Jolene de Vries wins Fitness Leadership Award

Sierra D'Souza Butts/Local Journalism Initiative Reporter/The World-Spectator. Anytime Fitness Owner Jolene de Vries (left) was awarded the 2023 Canadian Fitness Industry Leadership Award by Sara Hodson, President of Fitness Industry Council of Canada (FIC), at the Canfitpro Global Conference and Tradeshow on Aug. 18. Gym owner receives leadership award for her contribution of preventing the proposed provincial sales tax for gyms and fitness centres.

Sierra D’Souza Butts, Local Journalism Initiative Reporter, The World-Spectator

On Aug. 18, Jolene de Vries was awarded the Canadian Fitness Industry Leadership Award—the Fitness Industry Council of Canada’s (FIC) most prestigious award­­——in recognition for her contribution of preventing the proposed provincial sales tax for gyms and fitness centres.

de Vries also won the award for her efforts on showcasing why gyms should be recognized as essential services’, during the pandemic.  

“During Covid, we were very vocal trying to get the government to say gyms are part of healthcare and open them back up,” said de Vries.

“Also, to reduce the restrictions that we had because we actually didn’t have our last restriction lifted until last June, for gyms.

“Then with that last gym restriction lifting, they wanted to add tax when gyms had been permanently closed and we were all trying to still recover.”

Every year the award is given to a FIC member who has, throughout the years, proven to be an industry leader while operating a fitness facility. 

de Vries is the owner of the Anytime Fitness in Yorkton, Esterhazy, and the soon to be built location in Moosomin.

She spoke about the actions she took to help get the proposed PST on gyms removed.

“We got on the media, we talked to many of our local representatives in government,” said de Vries.

“We went to the legislature which helped us get more into the media. They went forward with the tax on the entertainment end, but did not on the fitness end.

“That was fantastic. It was a big win because the concern was if that tax went through in Saskatchewan, then it would end up going across the board, then usually other provinces follow. If they added it to us then Alberta might be next, then B.C., and so on.”

Once the Government of Saskatchewan announced that PST would not be added to fitness centres, de Vries was happy to know her contributions made the change possible. 

“We were pretty ecstatic. It was a big win,” she said.

“People think ‘oh well it’s only six per cent,’ but when your industry has been decimated and we’re trying to recover, six per cent could be someone cancelling their membership because of the costs. Everyone was dealing with more costs, they still are with inflation going up.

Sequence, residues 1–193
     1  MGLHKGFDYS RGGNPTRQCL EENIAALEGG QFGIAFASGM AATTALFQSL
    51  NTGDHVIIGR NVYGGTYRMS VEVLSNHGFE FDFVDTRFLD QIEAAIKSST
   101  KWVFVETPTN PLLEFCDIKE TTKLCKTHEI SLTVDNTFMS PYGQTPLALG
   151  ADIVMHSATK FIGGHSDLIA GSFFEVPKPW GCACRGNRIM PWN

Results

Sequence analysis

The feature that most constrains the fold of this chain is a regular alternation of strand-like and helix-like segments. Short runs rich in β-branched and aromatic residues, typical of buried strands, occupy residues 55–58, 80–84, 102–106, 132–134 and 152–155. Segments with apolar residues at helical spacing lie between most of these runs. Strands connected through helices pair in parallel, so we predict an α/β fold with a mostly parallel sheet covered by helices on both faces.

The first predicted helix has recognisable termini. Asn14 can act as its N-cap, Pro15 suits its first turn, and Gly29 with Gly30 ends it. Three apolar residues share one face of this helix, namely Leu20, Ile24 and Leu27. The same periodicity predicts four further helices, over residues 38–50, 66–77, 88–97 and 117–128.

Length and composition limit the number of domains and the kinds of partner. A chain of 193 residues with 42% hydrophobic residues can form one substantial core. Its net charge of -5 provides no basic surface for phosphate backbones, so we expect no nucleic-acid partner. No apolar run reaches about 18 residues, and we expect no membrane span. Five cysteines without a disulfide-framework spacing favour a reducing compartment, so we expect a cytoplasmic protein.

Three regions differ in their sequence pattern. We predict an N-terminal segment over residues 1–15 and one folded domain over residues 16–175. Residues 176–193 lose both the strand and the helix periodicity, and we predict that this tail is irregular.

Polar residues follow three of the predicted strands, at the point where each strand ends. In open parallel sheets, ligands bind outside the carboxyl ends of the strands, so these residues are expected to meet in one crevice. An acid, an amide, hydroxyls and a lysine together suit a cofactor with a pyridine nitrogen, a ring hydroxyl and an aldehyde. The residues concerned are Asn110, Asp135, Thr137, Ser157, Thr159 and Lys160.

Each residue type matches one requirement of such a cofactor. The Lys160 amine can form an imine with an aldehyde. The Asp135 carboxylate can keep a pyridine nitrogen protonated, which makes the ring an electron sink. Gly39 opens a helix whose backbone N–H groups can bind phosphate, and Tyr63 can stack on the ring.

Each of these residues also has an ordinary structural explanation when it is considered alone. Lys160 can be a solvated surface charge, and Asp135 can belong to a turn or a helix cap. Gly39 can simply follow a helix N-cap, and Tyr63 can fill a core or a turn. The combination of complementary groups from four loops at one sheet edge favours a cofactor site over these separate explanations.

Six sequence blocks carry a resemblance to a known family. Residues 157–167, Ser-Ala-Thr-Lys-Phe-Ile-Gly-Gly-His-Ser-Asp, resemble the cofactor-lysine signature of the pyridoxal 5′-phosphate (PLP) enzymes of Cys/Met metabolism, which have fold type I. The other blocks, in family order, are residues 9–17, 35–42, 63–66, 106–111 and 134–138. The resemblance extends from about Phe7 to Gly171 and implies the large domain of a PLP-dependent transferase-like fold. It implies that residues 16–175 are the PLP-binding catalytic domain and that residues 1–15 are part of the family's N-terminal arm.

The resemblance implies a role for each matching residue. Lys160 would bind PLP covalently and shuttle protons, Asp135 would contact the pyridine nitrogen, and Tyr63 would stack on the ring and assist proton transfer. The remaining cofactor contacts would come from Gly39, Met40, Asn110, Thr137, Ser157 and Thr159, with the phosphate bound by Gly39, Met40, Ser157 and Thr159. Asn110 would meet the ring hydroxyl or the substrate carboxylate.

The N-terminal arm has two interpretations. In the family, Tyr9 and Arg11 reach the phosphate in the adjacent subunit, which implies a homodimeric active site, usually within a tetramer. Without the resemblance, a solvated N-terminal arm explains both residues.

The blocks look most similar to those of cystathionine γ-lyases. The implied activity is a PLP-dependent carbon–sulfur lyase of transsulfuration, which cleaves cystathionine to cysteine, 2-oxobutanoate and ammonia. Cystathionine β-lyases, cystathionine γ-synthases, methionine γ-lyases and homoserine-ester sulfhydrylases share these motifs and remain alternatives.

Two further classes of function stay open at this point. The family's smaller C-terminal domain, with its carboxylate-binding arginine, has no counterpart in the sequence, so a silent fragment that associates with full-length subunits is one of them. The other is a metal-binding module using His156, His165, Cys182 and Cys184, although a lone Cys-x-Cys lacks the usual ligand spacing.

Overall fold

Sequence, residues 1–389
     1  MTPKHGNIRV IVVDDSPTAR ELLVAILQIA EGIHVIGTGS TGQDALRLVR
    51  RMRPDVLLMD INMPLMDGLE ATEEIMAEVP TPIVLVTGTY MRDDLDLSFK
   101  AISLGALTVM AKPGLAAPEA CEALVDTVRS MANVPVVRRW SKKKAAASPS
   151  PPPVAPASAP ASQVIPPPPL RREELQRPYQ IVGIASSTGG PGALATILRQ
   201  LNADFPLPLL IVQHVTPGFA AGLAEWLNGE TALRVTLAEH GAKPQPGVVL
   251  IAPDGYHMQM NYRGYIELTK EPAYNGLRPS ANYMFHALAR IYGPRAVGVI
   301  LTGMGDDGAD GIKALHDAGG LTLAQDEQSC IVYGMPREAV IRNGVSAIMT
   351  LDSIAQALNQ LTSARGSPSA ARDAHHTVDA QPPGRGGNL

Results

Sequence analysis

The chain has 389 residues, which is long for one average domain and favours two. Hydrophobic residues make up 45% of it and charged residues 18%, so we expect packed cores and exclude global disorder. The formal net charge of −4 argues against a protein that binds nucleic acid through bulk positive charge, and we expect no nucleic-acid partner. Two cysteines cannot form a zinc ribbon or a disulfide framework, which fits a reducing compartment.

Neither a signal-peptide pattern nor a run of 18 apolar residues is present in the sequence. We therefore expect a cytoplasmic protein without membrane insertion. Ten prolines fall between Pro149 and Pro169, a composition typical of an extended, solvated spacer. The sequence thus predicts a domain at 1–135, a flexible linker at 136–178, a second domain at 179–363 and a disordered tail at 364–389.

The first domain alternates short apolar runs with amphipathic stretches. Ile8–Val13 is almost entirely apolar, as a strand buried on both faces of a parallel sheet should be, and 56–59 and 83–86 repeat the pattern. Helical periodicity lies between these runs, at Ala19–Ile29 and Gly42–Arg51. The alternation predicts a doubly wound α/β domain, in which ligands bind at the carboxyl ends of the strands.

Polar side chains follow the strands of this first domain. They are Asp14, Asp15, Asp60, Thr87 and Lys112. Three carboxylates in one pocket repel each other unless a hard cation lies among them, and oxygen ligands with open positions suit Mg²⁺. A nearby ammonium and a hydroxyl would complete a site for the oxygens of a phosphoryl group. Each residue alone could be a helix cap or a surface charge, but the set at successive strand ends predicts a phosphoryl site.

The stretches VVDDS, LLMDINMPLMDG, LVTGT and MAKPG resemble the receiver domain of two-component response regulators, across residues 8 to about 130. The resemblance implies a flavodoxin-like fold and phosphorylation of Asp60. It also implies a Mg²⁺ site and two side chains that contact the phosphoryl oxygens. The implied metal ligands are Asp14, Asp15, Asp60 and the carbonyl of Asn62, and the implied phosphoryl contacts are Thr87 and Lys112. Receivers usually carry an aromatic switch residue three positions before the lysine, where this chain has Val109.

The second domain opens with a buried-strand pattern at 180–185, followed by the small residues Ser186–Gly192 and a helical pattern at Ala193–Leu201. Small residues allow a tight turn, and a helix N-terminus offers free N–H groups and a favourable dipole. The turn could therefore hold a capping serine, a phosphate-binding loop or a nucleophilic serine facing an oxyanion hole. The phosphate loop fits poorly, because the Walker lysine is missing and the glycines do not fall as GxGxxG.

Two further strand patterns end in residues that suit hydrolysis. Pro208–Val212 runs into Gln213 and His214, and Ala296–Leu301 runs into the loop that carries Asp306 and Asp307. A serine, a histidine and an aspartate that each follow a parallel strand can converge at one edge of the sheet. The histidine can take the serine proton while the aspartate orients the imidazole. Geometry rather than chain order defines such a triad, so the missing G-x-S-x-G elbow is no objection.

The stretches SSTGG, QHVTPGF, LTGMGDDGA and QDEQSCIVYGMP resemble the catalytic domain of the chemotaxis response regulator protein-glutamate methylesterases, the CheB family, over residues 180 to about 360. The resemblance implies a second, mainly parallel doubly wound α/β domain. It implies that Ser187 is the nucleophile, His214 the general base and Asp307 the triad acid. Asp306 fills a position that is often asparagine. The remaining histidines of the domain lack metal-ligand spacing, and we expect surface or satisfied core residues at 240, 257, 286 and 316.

“It could mean people not buying a membership to the gym, or maybe not doing personal training. Six per cent is significant in our businesses.”

Importance of gyms being an essential service

de Vries explained why she, and others who are a part of FIC, felt it was important to advocate for fitness centres being an essential service.

“We saw over the last couple of years that the government was leaving liquor stores open, they were leaving cannabis stores open, and in Saskatchewan we weren’t as affected as other provinces, but we completely closed (gyms) for three months, and then were severely restricted after that,” said de Vries. 

“We help with people’s health, whether it’s mental health, whether it’s their physical health, problems with diabetes, blood pressure, we see bipolar disorder, all of those which is controlled by going to a gym and doing physical activity.

“When we were shut down, we saw mental health problems starting to pop up again, where people were very well controlled (before), we saw people who had very well controlled diabetes starting to have issues again, so we left the other services open because they felt they couldn’t handle the draw on the medical system if they had closed the liquor stores and closed the cannabis shops, but didn’t feel the same way about us (gyms).”

“That’s our next fight, is to get them to recognize we are a part of healthcare.”

Proud to be a leader in the fitness industry 

Aside from being the Saskatchewan representative for the Fitness Industry Council of Canada, de Vries is also the owner of three Anytime Fitness locations in the province with her husband.

She spoke about what inspired her to join FIC.

“During Covid when we had the shutdown, I decided to sort of rally the gyms together to hopefully get our doors back open, and through that, we found out there was already a council in Canada, the Fitness Industry Council,” said de Vries.

“I ended up joining that as the Saskatchewan Lead. The nice thing about FIC is it’s one organization across the country, and we’re all moving in the same direction. 

“We’ve been able to get our voice at the table now politically, federally, provincially, and we’re starting to make some headway now.”

She was asked how it feels to be the representative for Saskatchewan.

“It was tough during Covid, but it’s been worth it. We’re making some headway, and I do believe in the next couple of years we’ll be getting some more recognition on the healthcare front.”

de Vries spoke about some of the other goals FIC has planned for the future. 

“I have another letter drafted to the government,” she said.

“There’s a couple things happening in Alberta and in B.C. that are pretty exciting, that FIC has been able to get the government to take the next steps forward on.

“We’re going to be approaching our provincial government on those same fronts, to potentially do some tests, whether it’s with a group of nurses or giving residents of Saskatchewan a wellness credit or tax credit. We’ll be pushing on that front.”